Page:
This evening, as I’m scouring the Internet doing my research, I’m prepping and flipping through Black Friday ads that have been pre-released, scanned, and posted on various web sites. I’m beginning to formulate my plan of attack.
But this year is different.
Nearly all of the stores are now opening at midnight or earlier. Gone are the days of 5 a.m. store openings I was accustomed to in the “early days.” Black Friday has evolved into Black Thursday, a round-the-clock, nationwide, sleep-deprived shopping massacre.
Black Thursday is the new Black Friday.
I will be among the thousands lined up on a sidewalk or in a parking lot with red blood-colored cranberry sauce stains on my shirt, and everyone will be facing the store’s front door just waiting for the doors to open. Traffic will be at a standstill in Turkey Creek and West Town Mall, and the struggle to obtain the best deals has never been so perilous.
The zombie shopping fever has spread, and I’m afraid it’s hit a pandemic level. I can’t help but wonder, what would Rick from The Walking Dead do?
Zombies in The Walking Dead are quite similar to Black Thursday shoppers:
They devour any living thing (deal) they can catch.
They never sleep.
They are more dangerous in large numbers.
Loud noises attract large herds of them.
They stand still or shuffle around rather slowly. However when in pursuit, they move much more quickly.
They may turn what would normally be a harmless household item into a weapon.
As I prepare to head out into the darkness the evening of Black Thursday, I will be double-knotting my tennis shoes and keeping in mind that the swiftest shoppers can be far more dangerous than the walkers roaming the earth.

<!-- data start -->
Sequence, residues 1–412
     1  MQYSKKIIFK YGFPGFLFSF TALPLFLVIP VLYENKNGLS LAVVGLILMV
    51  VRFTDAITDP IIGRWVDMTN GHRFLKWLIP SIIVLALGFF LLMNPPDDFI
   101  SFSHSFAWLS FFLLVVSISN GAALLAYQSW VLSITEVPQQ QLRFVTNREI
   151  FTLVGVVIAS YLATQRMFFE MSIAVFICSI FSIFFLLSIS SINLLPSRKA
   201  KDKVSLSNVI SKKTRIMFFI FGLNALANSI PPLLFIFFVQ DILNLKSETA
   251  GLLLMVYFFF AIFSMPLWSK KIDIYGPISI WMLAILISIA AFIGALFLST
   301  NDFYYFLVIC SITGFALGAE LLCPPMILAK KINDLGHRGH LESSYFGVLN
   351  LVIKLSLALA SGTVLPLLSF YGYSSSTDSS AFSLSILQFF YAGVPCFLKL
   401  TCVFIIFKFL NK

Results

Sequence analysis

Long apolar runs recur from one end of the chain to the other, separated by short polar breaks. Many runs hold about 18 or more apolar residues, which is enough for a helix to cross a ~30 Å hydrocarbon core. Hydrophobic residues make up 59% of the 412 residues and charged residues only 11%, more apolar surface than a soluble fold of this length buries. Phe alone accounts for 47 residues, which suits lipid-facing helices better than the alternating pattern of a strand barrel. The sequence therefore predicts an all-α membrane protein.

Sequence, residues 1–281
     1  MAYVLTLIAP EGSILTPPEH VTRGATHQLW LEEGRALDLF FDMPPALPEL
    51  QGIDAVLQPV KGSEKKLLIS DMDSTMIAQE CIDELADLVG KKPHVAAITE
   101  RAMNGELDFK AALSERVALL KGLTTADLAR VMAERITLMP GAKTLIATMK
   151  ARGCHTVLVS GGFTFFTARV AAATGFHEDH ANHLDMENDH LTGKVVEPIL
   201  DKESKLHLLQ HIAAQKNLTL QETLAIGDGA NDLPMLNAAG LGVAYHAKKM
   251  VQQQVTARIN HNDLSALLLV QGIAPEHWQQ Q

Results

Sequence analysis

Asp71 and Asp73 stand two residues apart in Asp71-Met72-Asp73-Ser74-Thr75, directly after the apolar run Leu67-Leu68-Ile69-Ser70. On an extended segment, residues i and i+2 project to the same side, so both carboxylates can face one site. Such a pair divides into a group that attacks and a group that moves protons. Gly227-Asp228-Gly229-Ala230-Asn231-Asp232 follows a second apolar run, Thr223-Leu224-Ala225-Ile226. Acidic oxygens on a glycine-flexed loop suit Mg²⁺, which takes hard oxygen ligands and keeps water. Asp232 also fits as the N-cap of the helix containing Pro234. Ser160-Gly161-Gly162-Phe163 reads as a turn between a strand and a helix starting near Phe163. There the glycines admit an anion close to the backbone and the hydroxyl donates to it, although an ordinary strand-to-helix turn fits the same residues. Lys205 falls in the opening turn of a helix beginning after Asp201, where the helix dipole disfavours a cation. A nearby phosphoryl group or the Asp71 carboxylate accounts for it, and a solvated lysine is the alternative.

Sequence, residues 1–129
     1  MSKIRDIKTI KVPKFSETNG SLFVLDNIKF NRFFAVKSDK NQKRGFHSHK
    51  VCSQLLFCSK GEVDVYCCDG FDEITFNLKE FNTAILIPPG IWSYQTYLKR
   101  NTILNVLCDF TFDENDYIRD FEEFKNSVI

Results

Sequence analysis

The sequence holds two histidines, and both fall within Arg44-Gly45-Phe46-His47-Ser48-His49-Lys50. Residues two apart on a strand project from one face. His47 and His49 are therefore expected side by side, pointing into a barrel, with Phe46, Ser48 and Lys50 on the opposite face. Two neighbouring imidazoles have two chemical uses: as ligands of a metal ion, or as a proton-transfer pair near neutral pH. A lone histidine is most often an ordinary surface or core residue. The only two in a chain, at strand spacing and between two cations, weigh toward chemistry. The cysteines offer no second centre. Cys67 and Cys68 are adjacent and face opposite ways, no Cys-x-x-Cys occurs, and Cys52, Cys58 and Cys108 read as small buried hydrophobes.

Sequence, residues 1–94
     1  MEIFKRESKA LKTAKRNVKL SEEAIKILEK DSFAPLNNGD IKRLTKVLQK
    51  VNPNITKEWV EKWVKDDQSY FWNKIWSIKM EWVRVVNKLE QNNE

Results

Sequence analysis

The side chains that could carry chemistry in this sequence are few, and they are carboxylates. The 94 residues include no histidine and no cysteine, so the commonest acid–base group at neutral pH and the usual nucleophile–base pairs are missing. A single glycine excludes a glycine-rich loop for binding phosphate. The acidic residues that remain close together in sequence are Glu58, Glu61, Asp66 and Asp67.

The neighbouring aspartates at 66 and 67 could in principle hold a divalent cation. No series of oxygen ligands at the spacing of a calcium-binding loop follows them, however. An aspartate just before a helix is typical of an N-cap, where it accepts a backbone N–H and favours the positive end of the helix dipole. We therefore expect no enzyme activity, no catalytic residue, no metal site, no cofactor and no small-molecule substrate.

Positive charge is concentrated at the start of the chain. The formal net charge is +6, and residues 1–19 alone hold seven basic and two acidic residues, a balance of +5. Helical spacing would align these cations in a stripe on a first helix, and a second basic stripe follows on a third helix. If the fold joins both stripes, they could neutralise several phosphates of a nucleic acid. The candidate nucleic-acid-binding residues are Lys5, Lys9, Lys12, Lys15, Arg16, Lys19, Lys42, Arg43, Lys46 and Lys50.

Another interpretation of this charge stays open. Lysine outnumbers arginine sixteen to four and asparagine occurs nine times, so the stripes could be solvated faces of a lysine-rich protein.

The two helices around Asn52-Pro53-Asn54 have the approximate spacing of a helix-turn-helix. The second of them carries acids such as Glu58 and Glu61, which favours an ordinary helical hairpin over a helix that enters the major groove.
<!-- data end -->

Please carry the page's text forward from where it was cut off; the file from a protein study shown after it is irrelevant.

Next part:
Bart Fricks, COO of the Copper Cellar Family of Restaurants, brings more than 27 years of restaurant experience to the table (yes, pun intended J). Previously with Mr. Gatti’s and then Ruby Tuesday, the man behind the Calhoun’s Restaurant Twitter handle @Calhouns, says being part of the “social party” gives him the opportunity to stay close to customers. Fricks says that managing their many restaurant concepts within the Copper Cellar brand is a challenge but customers follow and engage with the restaurants they enjoy most. Their team, Fricks says it is definitely a group effort at this point, uses tools such as Hootsuite to help space out their posts so they don’t bombard customers all at once with messages from each concept.
The locally-loved restaurant brand first launched into the social web with Facebook pages for Smoky Mountain Brewery and Copper Cellar in the fall of 2009 followed shortly with pages for Calhoun’s and Chesapeake’s. By the end of 2009, the brand had accumulated 1,518 followers. It wasn’t until the group really started joining in the conversation that they saw the biggest increase in followers. Posting each concept’s daily specials, events, and responding to customer feedback and suggestions quickly has driven much of their success in continuing to grow in the social space. Twitter proved to be a bit different story for the brand. Fricks says that in 2009 and 2010, they didn’t do a very good job with Twitter. He took over as the voice behind @Calhouns and began thanking people for following them, retweeting, and jumping in the conversation especially on #FollowFriday where you suggest that your friends “follow” others on Twitter. “More is better on Twitter,” says Fricks, as he encourages the group to be active in the space and comment on what others are saying.